- Details: 9 day inpatient stay, $4,875 total compensation, two projected admission periods for inpatient (as I understand, these may vary slightly and are not yet set in stone): Oct. 2-Oct. 11 and Oct. 25-Nov. 3. 2023.
- At least some, likely many or most, in a given cohort will not have a symptoms that disrupt daily life
- A small number of people will be challenge with a placebo, not the actual strain
- ZIKV infection is usually asymptomatic in healthy adults
- Risks to you for participating — see the previous post for an overview. This will also be covered in detail in the study's informed consent process. In short:
- The risk of death is functionally zero given that Zika fever is about an order of magnitude less severe in adults than the flu (case fatality rates in two systematic reviews were calculated at 2.0 and 2.3 per 100,000) and that the study only will accept healthy people under 40 years old without other risk factors.
- Risk of transmission to a sexual partner is low after you have cleared the virus during the inpatient stay — but not negligible. Thus, the need to use barrier contraception after the study (up to six months total, as I understand it).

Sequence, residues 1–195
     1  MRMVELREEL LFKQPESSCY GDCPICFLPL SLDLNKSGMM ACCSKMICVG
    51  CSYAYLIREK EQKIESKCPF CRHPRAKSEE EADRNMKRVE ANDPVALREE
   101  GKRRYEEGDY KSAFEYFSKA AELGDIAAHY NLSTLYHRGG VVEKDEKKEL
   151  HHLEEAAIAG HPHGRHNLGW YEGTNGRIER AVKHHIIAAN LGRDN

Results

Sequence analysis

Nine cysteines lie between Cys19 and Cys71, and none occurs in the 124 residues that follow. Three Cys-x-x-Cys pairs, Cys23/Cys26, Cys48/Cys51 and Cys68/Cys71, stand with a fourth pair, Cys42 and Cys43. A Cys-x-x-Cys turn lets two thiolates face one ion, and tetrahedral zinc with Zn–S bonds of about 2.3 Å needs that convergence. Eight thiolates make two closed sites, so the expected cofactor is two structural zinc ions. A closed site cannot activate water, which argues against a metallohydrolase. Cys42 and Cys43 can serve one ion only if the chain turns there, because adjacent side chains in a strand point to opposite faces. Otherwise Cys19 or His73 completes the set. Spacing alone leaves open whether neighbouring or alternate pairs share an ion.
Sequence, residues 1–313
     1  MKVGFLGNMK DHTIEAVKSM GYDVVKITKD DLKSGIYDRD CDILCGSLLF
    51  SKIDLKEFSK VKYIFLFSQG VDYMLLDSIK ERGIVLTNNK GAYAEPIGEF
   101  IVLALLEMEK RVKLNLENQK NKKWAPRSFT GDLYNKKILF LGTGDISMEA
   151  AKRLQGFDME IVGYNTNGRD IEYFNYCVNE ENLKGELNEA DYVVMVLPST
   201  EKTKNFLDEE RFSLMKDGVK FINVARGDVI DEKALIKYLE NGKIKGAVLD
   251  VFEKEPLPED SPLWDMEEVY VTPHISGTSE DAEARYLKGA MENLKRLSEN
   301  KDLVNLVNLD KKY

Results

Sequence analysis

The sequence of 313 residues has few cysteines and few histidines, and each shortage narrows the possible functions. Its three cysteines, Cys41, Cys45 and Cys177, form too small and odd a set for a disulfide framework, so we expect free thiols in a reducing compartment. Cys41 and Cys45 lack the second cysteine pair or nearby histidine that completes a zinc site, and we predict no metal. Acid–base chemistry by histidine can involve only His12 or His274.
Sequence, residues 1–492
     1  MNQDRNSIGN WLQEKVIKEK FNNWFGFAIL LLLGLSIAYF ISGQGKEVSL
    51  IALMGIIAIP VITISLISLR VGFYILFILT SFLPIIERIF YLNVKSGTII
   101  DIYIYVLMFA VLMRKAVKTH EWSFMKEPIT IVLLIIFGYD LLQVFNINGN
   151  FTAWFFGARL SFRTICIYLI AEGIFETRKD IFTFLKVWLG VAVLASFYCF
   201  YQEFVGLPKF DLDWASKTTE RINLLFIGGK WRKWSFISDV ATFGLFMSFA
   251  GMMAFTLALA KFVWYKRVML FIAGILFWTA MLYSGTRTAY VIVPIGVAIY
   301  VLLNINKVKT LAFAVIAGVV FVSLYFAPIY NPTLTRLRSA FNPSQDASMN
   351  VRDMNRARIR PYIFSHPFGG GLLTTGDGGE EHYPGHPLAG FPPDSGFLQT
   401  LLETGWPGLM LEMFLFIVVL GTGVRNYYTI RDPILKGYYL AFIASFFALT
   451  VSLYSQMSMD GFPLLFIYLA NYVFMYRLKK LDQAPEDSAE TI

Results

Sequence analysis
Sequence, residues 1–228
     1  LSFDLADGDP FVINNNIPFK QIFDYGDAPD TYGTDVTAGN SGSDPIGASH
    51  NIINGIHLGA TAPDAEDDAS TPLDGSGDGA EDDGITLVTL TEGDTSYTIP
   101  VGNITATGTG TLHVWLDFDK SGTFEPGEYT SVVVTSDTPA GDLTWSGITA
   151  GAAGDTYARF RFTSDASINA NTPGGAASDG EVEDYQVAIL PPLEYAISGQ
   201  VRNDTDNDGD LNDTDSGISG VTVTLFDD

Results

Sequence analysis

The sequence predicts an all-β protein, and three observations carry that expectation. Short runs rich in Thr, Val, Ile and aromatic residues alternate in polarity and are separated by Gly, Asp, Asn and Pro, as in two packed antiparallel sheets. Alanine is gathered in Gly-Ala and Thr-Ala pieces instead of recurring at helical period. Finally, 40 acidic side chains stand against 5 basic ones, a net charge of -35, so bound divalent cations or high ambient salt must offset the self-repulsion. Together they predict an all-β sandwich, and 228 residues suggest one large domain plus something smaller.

- Risk of neurological sequelae: There's about a 2.0 (95% CI: 0.5–4.5) in 10,000 incidence of Guillain-Barré Syndrome post-Zika infection, though males tend to be at somewhat higher risk of GBS than females. Note that once study has cited a much higher figure for GBS, around 1.23%, but this is less methodologically sound.
- Commentary: If the study team or Johns Hopkins ethical review board thought the risk of GBS was anywhere near 1%, I don't think there'd be any way they'd be willing to run this study.
- Anyone with any sort of risk factor that would increase susceptibility to GBS or other neurological issues would be necessarily excluded from the study.
- Risk of symptomatic Zika fever: Moderate. Most cases are asymptomatic, and there will be a placebo challenge as well, but it's still likely at least some people get noticeably sick. In general, symptoms are mild and last 2-7 days.
i.e., assigned male at birth, but no exclusion based on gender identity
1Day Sooner does not make its employees get exotic diseases as a condition of employment, promotion, or anything like that, because that would be absurd. I'm sure OSHA wouldn't be happy if that were the case either. This is like, what I do for fun now. My momma is slightly apprehensive but on the whole very proud.
I tried to get malaria with my boyfriend and some other adventurous EAs and friends, and several of us enrolled, but the study was put on indefinite hold because of an issue with manufacturing the vaccine :(
Barbi, Coelho, Arraes de Alencar & Crovella 2018's 1.23% estimate is based on Zika cases documented in registries; as noted elsewhere, this a minority of total cases, because the majority of infections are asymptomatic. Romero, Delorey, Sjevar & Johansson 2018 calculate their rate based on projected total Zika infections, which is why the CI is rather large (0.5 to 4.5 per 10,000). GBS is generally severe and thus not subject to undercounting to nearly the same degree as Zika.